pine house fire

An overheated electrical appliance caused a house fire in Pine this weekend.

This weekend, as Pine-Strawberry residents are slowly moving back into their homes, smoky red sunsets are still the norm. But heavy smoke caught one neighbor’s attention on Ellison in Pine.

“I smelled some kind of smoke in my house and thought that was weird,” neighbor, Jimi Harris Slider said. He walked outside and realized the next-door neighbor’s home was smoldering.

He called the fire department and began adding water.

“I grabbed a hose, busted a window and started hitting it as best I could,” Slider said.

“I was just an early detector,” he added.

With the fire just blocks from Pine Strawberry Fire Department Station #41, firefighters were quickly on scene.

“They came with the big hoses,” Slider said as he stepped away and watched the fire crew do its job.

The house was full of smoke said PSFD Capt. Robert McCormick. The smoke was concentrated in a bedroom, but neither Slider nor firefighters saw flame.

The home sustained serious smoke and water damage, but the firefighters consider it a save, said McCormick as flames did not get into the structure.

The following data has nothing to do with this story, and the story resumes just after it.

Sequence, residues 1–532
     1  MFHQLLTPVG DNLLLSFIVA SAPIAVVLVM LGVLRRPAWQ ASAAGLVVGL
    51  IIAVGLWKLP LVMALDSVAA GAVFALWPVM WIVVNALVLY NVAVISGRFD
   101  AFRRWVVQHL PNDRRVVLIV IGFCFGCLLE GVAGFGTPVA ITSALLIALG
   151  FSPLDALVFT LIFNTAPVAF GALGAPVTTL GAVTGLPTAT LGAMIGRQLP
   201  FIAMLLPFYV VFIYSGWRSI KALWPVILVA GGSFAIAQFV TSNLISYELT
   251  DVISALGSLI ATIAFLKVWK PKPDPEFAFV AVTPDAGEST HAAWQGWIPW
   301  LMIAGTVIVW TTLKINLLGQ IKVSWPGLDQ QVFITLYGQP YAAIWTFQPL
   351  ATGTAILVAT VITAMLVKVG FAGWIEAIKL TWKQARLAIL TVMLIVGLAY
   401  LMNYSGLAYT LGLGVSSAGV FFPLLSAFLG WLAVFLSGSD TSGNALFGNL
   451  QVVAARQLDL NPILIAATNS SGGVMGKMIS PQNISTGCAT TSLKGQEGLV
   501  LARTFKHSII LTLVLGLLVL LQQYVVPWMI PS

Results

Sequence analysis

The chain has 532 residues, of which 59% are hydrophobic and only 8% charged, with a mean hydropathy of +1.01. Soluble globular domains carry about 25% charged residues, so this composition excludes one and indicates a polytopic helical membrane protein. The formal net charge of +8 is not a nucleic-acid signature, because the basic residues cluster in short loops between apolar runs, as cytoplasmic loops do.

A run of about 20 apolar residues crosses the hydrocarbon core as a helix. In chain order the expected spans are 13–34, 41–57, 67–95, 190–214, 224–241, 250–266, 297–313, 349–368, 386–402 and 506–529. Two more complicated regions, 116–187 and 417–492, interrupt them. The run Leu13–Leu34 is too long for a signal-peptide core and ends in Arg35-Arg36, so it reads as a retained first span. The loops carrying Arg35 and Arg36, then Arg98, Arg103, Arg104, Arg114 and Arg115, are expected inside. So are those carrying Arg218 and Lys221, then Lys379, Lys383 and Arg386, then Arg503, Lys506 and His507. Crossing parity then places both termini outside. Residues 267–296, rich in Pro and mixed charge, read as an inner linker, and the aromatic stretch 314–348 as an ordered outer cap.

“It is an accidental fire,” said Fire Marshal Rick Barnes.

The young mother who lives here left last Friday, June 18, as did most of the community when the Backbone Fire threatened our towns said Slider. She is currently in Greer with family.

“An overheated electrical appliance left under the bed started smoldering and eventually caught the bed on fire,” said Barnes.

“It was really awesome that when we arrived we knew immediately that no one was inside, that greatly enhances our safety,” he said. “That enabled us to go offensive rather than defensive.”

While Slider’s actions may have cooled the room and his quick phone call was the right thing to do, Barnes also cautioned residents to not put themselves at risk.

For example breaking windows can cause flames to ignite with a new source of oxygen and fumes can overtake a person without proper equipment.

In any emergency the first action should be to call 911 said Barnes.

Slider helped, he said, “We are appreciative but we definitely do not encourage people to engage with an active fire.”

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